Dust & Dumpsters

Organization is a strength of mine. Give me time and I can probably figure out a quick way to accomplish a given task. Maybe it was because my dad was a Marine, but very early on I caught on to the whole concept of divide and conquer. I knew that if you broke any challenges up into smaller tasks eventually you could overcome. Figuring out the next step to take was usually the most challenging part. Once you had that covered, the rest usually fell into place.

Because I’m such a big fan of organization, I’m not a fan of stuff. Stuff clutters. Stuff gets in the way. And stuff makes organization more difficult. Organization, like a lot of things in life, benefits from simplicity. For example, the person who is always behind schedule is usually not that way because that’s how they want to be. Usually they’re running behind despite all the best intentions of getting everything done that they wanted. Whether it’s an actual material possessions or its unnecessary activity, stuff has ruined their plans. Planing (another one of my favorite activities) can usually prevent a lot of tardiness, but the best of plans break down for lack of organization or the abundance of too much stuff.

Yet despite my aversion to stuff, I find myself placing way too much importance on it. The silliest things can cause me concerns. Today, I came home and was missing a bowl. And despite knowing that the value of this bowl was extremely negligible, not knowing where it was bothered me. Not because i was worried that I might have to replace it. No, I was worried because it was “mine” and I didn’t know where it was. I couldn’t account for its absence – and since it wasn’t a camera or an ATM card there was little chance that I had lost it – and I immediately felt my sense of possession increase. MY bowl was missing – and that meant there was something wrong in the world.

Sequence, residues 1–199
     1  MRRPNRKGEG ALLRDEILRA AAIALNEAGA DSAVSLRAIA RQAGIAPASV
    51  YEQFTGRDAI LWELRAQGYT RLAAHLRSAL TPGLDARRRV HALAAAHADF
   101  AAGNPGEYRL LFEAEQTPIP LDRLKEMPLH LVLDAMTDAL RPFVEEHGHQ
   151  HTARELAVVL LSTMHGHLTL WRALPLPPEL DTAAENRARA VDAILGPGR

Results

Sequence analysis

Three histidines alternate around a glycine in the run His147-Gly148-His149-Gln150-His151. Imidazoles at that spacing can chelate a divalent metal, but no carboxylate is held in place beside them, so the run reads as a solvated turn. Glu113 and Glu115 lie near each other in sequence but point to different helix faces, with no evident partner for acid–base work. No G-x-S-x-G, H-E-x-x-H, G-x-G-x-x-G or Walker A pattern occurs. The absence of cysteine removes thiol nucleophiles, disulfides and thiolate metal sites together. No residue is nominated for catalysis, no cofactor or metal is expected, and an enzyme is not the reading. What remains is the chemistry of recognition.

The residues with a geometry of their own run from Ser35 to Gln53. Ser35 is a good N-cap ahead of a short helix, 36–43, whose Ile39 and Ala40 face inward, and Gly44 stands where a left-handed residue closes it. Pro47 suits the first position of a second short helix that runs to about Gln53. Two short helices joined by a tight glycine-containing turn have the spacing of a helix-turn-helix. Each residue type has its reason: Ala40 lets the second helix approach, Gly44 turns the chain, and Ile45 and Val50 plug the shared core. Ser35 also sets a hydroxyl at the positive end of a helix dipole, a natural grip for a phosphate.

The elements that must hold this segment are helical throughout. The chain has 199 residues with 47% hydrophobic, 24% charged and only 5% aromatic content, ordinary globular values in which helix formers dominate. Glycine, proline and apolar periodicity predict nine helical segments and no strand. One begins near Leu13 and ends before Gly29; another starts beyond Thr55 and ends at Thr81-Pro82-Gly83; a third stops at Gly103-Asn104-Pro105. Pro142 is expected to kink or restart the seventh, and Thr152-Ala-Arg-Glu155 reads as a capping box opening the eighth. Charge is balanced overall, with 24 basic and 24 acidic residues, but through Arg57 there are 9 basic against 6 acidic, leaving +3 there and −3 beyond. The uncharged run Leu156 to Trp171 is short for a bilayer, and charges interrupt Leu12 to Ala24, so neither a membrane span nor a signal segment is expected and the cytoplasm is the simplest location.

And there was something wrong. But not what I originally thought. What was wrong was that I wasted so much time even thinking about it, when I ache so little for the person begging on the street. What was wrong was that I searched for the bowl, when I don’t spend the time to call a friend in need. And what was wrong was that I had even bothered to figure out that the bowl was missing, when I can’t be bothered to count the number of friends who don’t know their Savior. It wasn’t the missing bowl that was the problem, it was my focus on it.

Everything in this life is going to end up as dust or in the dumpster. Every THING. And I would no sooner take the time to organize the things in my trash than I would try to categorize dust bunnies. And yet its my things that I feel ownership of. It’s my possessions that create a sense of entitlement.

Thank God He didn’t give me what I was entitled to. Maybe I can give up everything else that’s mine too.

What do you think?